40. Winding TN, Andersen JH, Labriola M, Nohr EA: Initial non-participation and loss to follow-up in a Danish youth cohort: implications for relative risk estimates. J Epidemiol Community Health. 2014, 68: 137-144. 10.1136/jech-2013-202707.

    Article  PubMed  Google Scholar 

  41. Bradford S, Rickwood DJ: Adolescent’s preferred modes of delivery for mental health services. Child Adolesc Mental Health. 2014, 19: 39-45. 10.1111/camh.12002.

    Article  Google Scholar 

  42. Glenny A-M, Worthington HV, Milsom KM, Rooney E, Tickle M: Strategies for maximizing consent rates for child dental health surveys: a randomised controlled trial. BMC Med Res Methodol. 2013, 13: 108-10.1186/1471-2288-13-108.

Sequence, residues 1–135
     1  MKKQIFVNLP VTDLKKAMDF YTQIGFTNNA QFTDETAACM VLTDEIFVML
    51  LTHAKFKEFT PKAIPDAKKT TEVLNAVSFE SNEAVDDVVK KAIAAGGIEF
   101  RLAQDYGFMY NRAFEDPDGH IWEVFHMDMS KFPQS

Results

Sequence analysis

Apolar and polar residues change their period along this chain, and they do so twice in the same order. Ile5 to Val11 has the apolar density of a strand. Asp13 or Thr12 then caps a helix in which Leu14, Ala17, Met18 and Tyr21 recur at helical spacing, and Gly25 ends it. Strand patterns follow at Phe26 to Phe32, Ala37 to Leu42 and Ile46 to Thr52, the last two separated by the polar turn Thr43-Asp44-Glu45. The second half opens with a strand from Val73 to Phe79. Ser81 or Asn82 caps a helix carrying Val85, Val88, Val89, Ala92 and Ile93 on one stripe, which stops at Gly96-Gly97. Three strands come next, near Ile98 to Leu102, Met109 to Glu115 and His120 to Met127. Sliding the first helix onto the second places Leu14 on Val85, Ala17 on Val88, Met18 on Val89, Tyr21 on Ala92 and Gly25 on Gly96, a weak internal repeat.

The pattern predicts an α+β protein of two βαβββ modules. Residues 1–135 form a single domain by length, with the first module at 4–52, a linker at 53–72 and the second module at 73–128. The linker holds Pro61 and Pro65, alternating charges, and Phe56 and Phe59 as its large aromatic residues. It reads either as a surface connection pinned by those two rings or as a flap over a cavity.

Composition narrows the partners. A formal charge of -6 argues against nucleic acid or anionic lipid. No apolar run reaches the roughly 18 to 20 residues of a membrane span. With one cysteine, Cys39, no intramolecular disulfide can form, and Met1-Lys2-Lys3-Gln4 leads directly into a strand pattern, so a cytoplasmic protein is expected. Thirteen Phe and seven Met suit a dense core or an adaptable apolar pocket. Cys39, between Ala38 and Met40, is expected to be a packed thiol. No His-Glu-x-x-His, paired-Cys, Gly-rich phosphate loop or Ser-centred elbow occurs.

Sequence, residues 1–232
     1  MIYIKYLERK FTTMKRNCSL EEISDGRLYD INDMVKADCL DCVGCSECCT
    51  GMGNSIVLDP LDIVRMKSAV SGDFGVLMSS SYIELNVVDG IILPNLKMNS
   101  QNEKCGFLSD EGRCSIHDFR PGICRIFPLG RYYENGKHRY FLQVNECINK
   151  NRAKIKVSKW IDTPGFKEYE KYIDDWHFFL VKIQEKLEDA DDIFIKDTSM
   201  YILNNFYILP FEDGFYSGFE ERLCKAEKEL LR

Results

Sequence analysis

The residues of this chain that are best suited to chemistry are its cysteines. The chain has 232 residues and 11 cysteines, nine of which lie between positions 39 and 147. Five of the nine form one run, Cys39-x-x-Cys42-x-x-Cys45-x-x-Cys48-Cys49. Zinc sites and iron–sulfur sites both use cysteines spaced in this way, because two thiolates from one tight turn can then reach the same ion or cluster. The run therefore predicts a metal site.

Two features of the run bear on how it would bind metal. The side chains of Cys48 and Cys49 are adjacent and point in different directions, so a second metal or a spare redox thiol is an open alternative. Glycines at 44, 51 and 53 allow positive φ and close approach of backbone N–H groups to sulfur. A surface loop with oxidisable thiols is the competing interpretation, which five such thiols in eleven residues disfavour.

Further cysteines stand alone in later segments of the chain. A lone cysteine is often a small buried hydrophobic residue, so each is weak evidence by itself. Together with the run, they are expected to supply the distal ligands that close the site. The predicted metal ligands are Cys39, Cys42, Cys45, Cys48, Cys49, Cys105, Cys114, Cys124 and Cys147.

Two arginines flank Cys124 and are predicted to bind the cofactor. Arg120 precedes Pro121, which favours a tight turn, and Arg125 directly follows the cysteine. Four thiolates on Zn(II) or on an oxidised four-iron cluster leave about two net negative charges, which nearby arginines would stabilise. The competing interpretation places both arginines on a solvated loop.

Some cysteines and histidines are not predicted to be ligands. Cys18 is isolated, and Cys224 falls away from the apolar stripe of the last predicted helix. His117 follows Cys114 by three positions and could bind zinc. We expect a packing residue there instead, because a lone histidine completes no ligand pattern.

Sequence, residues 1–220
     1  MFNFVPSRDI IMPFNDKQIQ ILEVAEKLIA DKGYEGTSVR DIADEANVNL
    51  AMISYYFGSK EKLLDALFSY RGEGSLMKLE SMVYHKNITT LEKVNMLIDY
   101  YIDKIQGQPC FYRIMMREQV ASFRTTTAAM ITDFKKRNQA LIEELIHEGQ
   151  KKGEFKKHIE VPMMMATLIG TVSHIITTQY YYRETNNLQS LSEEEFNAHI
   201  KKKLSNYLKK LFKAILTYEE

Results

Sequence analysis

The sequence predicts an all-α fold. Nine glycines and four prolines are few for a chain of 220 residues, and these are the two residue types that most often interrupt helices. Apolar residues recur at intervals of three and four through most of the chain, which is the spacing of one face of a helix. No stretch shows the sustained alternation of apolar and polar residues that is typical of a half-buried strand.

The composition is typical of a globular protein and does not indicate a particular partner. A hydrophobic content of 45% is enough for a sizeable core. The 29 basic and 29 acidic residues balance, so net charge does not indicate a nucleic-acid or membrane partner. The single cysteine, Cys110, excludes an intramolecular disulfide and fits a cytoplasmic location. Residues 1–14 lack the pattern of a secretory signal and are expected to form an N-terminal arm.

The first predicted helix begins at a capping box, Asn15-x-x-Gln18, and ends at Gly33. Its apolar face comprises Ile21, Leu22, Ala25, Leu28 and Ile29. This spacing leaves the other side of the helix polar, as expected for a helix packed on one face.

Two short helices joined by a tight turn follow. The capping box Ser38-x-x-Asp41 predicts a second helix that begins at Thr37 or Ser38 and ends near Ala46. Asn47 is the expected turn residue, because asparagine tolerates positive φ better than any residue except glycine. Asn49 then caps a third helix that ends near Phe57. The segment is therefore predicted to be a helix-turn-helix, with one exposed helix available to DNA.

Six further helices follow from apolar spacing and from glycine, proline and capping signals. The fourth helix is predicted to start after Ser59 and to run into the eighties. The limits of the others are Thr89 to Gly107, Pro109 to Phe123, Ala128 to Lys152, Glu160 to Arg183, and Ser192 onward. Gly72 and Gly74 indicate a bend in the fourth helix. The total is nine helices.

Article  PubMed  PubMed Central  Google Scholar 

  43. Allen J, Stapleton H, Tracy S, Kildea S: Is a randomised controlled trial of a maternity care intervention for pregnant adolescents possible? An Australian feasibility study. BMC Med Res Methodol. 2013, 13: 138-10.1186/1471-2288-13-138.

    Article  PubMed  PubMed Central  Google Scholar 

  44. Homer CS: Using the Zelen design in randomized controlled trials: debates and controversies. J Adv Nurs. 2002, 38: 200-207. 10.1046/j.1365-2648.2002.02164.x.

    Article  PubMed  Google Scholar 

  45. Hunninghake DB, Darby CA, Probstfield JL: Recruitment experience in clinical trials: literature summary and annotated bibliography. Control Clin Trials. 1987, 8: 6S-30S. 10.1016/0197-2456(87)90004-3.

    Article  PubMed  CAS  Google Scholar